Describing a Christmas Tree
Frost-spikes hang off the window sill like an iceman’s glassy fingers. The pine sweet smell of the tree ghosts through the room. The silver flash of tinsel glitters brightly. One of the greatest gifts of Christmas is the smell and sight of the Christmas tree. My blog seems to be getting a lot of hits from people who want a description of the tree. Because of that, todays post will be about the significance of the tree from a different perspective. I suppose it gives a theory, and only a theory, as to why we love it so much.
I always enjoy looking for the Google searches that draw people into my site. It keeps me on my toes as I respond to the wishes of the masses. So, to the person who typed in: ‘Tiger descriptive sites’, I can assure you that help is on the way! It may come too late for you, but I am looking forward to the challenge. I love it when I can provide something that can’t be Googled anywhere else. For all of those nice people who comment on the blog, a big thank you. Check out my new descriptive book and workbook on Amazon by clicking the title: Writing with Stardust. Thanks to all my regular followers and without further ado, here’s the post.
Describing A Christmas Tree
Why do we love the Christmas tree so much? Is it the piney smell gliding through the room? Is it the silver flash of tinsel glittering on the tree? Or is it simply for what it represents? If you are wondering what it represents, perhaps it is better to put on the kettle, make yourself a cup of tea and prepare to settle down for a while. For the Christmas tree is a lot of things to a lot of people, but perhaps most of us are missing its deeper significance. In my humble opinion, it is a gateway to the past, an anchor of the present and a bookmark that our mortal coil won’t last forever. The Christmas tree is the greatest single reason why we should appreciate friends and family while they, and we, are here in this world.
Let us take the present first. It’s Christmas Eve. You look out the window. The world outside is silent, still and deadly. The ice-cold fangs of Jack Frost have bitten deep into the flesh and blood of the earth, extracting its life-force and leaving it clay-cold and drained. The night before, he was out and about, plunging his vampire-white teeth into whats left of nature’s trembling, dying heart. There is no leaf-rustle, no birdsong, no grass-whisper. Everything is veiled in a layer of candyfloss-white snow. Underneath the crackling carpet of snow, the frost is silk-silver and polishes everything with its shiny, glassy malice. Below the window sill, frost-spikes hang down like a phantom’s despairing fingers. The frost hates every living thing. It seems to swoop down from the iron sky and strangles the world into silence with its cold gleam and icy rime. It creeps and crawls like a burglar’s chilling shadow, stealing all signs of life from the land. When it has finished, the world is as cold and drawn as a zombie’s face.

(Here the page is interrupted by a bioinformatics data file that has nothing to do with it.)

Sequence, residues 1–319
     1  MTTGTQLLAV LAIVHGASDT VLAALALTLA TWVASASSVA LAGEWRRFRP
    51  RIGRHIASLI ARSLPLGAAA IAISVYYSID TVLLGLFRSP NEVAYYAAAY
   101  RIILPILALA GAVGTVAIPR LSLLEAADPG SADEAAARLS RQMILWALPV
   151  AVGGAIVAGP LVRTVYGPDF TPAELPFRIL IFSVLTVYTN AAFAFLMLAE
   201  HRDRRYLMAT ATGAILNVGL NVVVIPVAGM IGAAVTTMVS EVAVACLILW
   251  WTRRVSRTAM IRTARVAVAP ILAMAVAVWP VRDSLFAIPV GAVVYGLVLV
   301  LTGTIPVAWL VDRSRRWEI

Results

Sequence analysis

Inside the living room, the fire fizzes and spits, banishing the Undead fingers of frost to the world outside. It is a place of warmth, a land of sanctuary and safety. Man has invented his own frost to keep Jack the Lad at bay. Wrought in fire and blasted with sand, the windows are double glazed and protective, a doppelganger of the frost it was designed to conquer. There is a funfair of smells drifting about the house. Some are strong and earthy, like the mushroom vol-au-vents gently steaming in the oven. The peppery taste of Christmas pudding vies with the seasoned and grape-scented mulled wine. The faint crackling of goose juices dripping onto tin foil can be heard from the kitchen. Its unique smell of Mcdonalds paper mixed with a delicious, gamy scent swirls in to the room and nourishes the soul. Other welcome fragrances make the room a sensory overload of pleasure. The exotic and spicy whisper of stuffing and parsley burning into turkey flesh makes stomachs rumble and mouths water. It is Christmas Day and alien smells inhabit the house. Alien, yet strangely familiar. The strongest aroma is not the cordite smell of Christmas crackers nor the orchid-scented candles flickering on the mantelpiece. It is the smell of the Christmas tree.